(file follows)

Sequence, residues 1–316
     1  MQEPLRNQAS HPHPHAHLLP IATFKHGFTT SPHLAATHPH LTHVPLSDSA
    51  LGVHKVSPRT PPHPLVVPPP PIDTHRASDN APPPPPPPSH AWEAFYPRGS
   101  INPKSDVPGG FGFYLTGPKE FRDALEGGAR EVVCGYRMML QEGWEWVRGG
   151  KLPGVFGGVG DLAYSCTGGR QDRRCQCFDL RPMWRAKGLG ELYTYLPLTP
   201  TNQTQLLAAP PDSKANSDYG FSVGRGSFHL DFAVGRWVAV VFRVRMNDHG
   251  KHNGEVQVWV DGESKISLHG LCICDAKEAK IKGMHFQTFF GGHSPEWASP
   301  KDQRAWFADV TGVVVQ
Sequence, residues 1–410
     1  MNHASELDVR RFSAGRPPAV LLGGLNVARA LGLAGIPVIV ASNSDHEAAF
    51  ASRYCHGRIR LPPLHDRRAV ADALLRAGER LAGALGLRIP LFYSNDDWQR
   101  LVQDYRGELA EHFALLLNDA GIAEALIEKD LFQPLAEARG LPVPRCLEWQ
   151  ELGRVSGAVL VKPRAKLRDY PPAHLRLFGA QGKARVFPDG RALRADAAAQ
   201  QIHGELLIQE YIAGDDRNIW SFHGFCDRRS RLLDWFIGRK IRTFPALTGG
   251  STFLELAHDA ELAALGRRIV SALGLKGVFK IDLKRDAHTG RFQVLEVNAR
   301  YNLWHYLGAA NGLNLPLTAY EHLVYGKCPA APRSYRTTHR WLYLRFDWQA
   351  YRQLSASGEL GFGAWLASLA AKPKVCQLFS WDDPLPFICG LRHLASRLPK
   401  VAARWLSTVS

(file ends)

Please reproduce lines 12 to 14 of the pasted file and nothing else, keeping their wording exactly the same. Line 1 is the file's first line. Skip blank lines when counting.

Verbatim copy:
   101  LVQDYRGELA EHFALLLNDA GIAEALIEKD LFQPLAEARG LPVPRCLEWQ
   151  ELGRVSGAVL VKPRAKLRDY PPAHLRLFGA QGKARVFPDG RALRADAAAQ
   201  QIHGELLIQE YIAGDDRNIW SFHGFCDRRS RLLDWFIGRK IRTFPALTGG